Many events, including music, theatre, conferences and exhibitions have been cancelled or postponed in the wake of COVID-19 and more will follow. Richard Liddell QC of 4 New Square and Sarah McNally, Partner at Herbert Smith Freehills address some of the issues that policyholders and insurers are likely to be grappling with. Although their focus is on sporting events, the same or similar principles are likely to apply for any cancelled or postponed event, so this article should be of interest across the board.
A new term has entered the employment lexicon: furloughing. What does it mean and how does it relate to the longer established concept of laying-off? Are employers better placed to take advantage of the government’s scheme for paying furloughed employees or to consider laying off their staff or making them redundant?
Banking & Finance analysis: Guarantees executed, but unenforceable, as deeds may take effect as simple contracts where supported by sufficient consideration. Written by Ben Archer, barrister, at 4 New Square Chambers. Click here to read the article on LexisNexis.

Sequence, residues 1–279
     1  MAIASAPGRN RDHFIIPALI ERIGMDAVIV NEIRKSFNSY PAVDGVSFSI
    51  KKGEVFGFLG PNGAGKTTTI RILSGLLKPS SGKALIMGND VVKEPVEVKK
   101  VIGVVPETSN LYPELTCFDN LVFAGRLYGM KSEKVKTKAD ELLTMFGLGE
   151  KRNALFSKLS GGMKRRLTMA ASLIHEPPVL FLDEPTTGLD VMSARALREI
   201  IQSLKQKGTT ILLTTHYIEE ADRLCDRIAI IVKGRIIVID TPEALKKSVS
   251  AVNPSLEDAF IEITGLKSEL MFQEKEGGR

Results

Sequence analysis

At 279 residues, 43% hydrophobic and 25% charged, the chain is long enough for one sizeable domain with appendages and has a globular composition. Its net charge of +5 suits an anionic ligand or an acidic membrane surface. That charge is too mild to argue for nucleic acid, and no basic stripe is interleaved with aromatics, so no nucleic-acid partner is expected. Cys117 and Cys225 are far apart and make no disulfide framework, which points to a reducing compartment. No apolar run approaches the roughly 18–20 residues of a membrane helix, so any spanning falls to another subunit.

Society of Construction Law Conference in Leeds: 6/3/2020
Keynote speech by Sir Ruper Jackson
In the context testamentary succession, it is well-established under the rules of private international law that the court can apply domestic law to a foreign will of a testator who was domiciled in this jurisdiction where the court is concerned with issues of capacity, formal validity, material validity or interpretation. However, no authority one way or the other has ever determined whether the law of rectification should be applied in the same way.
The recent decision In the Estate of Patrick Joseph Brennan, sub nom Kelly v. Brennan  EWHC 245 (Ch) is significant in that the court was called upon to decide that question for the first time. By deciding that the will should be rectified even though it was made in Ireland, the court therefore clarified a hitherto unexplored aspect of private international law. Moreover, in deciding that permission should be given for the claim for rectification to be brought some 2 years and 11 months after the expiry of the six month discretionary time limit, the court confirmed that the law is more flexible when dealing with claims for rectification as opposed to claims for reasonable financial provision, and that a combination of a strong claim and the fact that the estate had not been distributed is more often than not likely to outweigh other considerations.